(Alan Wilson Photo)

Fairchild UC-61K Argus Mk. III, RAF (Serial No. KK476), c/n 1094.  Originally allocated USAAF (Serial No. 44-83133) as a UC-61K.  South African Air Force Museum Swartkop Airfield, Pretoria.

  (Alan Wilson Photo, left, Nolween Photo, right)

 (Alan Wilson Photo)

Focke-Wulf Fw 190A-6/R6, (Wk. Nr. 550214), PN+LU, possibly flown by III./NJG 11 as it was fitted with a FuG 217 Neptun radar system.  This aircraft was built by the Ago factory in mid-1943.  This Fw190 was captured complete at Leck-Holstein at the end of the war.  It was given the RAF Air Ministry Number AM10 and was delivered from Schleswig to Farnborough on 16 June 1945.  Initially displayed in the UK, this aircraft was shipped from Birkenhead, England to Capetown, South Africa on the SS Perthshire on 20 Oct 1946, arriving on 6 Nov.  It is now on display at the South African National Museum of Military History, Saxonwold, Johannesburg

 (RAF Photo)

Fieseler Fi 156C-7 Storch, (Wk. Nr. 475099), VD+TD, STOL reconnaissance aircraft captured at Flensburg.  Designated RAF AM99, this aircraft was shipped from Birkenhead, England to Capetown, South Africa on the SS Perthshire on 20 Oct 1946, arriving on 6 Nov.  It is now on display in the South African Air Force Museum, Swartkop Airfield, Pretoria.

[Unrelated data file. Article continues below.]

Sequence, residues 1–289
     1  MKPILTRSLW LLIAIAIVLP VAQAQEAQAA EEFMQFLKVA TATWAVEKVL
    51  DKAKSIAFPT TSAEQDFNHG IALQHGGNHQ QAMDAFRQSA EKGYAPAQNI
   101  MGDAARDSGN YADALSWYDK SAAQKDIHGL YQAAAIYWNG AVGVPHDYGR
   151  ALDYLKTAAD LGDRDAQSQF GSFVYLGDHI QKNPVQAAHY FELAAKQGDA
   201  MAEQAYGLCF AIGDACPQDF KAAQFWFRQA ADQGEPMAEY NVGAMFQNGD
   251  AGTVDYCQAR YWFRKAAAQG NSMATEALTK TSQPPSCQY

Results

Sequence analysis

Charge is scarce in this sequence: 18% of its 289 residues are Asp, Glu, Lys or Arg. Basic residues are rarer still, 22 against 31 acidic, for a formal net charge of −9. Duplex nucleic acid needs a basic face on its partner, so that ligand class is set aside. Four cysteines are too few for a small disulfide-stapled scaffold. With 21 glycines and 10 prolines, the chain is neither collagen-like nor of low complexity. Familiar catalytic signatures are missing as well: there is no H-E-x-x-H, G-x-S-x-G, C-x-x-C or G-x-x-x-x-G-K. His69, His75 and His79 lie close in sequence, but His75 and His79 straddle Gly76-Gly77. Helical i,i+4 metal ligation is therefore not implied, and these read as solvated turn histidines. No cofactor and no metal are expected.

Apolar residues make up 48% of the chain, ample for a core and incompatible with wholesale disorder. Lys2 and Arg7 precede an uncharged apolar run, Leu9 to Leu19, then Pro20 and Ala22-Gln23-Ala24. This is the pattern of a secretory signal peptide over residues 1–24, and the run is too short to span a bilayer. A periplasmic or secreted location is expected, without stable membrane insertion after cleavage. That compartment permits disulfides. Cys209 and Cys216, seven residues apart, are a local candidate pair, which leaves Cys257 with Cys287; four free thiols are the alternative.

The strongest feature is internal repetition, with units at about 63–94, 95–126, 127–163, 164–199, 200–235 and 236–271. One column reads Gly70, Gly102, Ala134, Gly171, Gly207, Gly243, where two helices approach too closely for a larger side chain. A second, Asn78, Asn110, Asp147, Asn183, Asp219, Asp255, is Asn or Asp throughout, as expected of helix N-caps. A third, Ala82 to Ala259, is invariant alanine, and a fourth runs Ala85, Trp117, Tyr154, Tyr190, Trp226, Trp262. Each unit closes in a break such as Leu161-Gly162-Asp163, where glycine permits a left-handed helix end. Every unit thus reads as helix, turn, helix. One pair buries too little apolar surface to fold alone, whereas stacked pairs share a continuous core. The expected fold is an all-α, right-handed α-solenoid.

(Alan Wilson Photo)

Fieseler Fi 156C Storch (Wk. Nr. 475099), VD+TD, built by Mraz in Czechoslovakia and assigned to an unknown unit.  This aircraft is believed to have been surrendered in Flensburg at the end of the war.  Recorded as being in service with the RAE at Farnborough in September 1945 as Air Min 99, 475099 was shipped from Birkenhead, England to Capetown, South Africa on the SS Perthshire on 20 Oct 1946, arriving on 6 Nov.  South African Air Force Museum. Swartkop Airfield, Pretoria.

 (RAF Photo)

Hawker Hartebeast, Reg. No. G-ABMR dressed as the first production Hart (Serial No. J9953), as she was between 1959 and 1970.  Many served with the SAAF.  A derivative of the Audax, the Hawker Hartebeest, a light bomber, was built for the South African Air Force with modifications made from the Audax. Sixty-five of these aircraft were built, the majority in South Africa. The aircraft saw action in East Africa during clashes against Italy who occupied Abyssinia.  None have been preserved in South Africa.

 (Alan Wilson Photo)